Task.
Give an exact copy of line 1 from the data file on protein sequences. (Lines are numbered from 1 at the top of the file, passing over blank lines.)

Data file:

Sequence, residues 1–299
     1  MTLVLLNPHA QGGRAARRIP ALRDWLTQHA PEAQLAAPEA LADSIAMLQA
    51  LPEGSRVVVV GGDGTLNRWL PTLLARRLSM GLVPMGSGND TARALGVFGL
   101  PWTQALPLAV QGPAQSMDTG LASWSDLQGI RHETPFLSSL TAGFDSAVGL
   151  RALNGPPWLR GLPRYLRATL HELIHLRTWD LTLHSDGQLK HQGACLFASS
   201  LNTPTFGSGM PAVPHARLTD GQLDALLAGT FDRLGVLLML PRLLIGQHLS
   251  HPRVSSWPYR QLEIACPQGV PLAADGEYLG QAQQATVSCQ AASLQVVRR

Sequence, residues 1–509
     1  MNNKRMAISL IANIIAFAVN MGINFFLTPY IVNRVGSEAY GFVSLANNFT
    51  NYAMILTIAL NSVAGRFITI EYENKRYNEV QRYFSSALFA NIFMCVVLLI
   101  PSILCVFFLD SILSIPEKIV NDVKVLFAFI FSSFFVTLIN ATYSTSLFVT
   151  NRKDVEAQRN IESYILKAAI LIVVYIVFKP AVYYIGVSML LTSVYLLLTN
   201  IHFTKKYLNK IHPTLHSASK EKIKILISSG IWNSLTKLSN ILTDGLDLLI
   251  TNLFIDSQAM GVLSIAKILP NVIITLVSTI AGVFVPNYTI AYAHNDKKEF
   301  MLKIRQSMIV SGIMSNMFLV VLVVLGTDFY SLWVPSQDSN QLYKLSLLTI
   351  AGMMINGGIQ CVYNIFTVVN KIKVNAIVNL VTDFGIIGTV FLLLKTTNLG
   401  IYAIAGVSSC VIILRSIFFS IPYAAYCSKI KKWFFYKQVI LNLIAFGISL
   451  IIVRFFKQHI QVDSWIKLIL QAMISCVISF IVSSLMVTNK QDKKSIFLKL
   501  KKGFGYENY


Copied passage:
Sequence, residues 1–299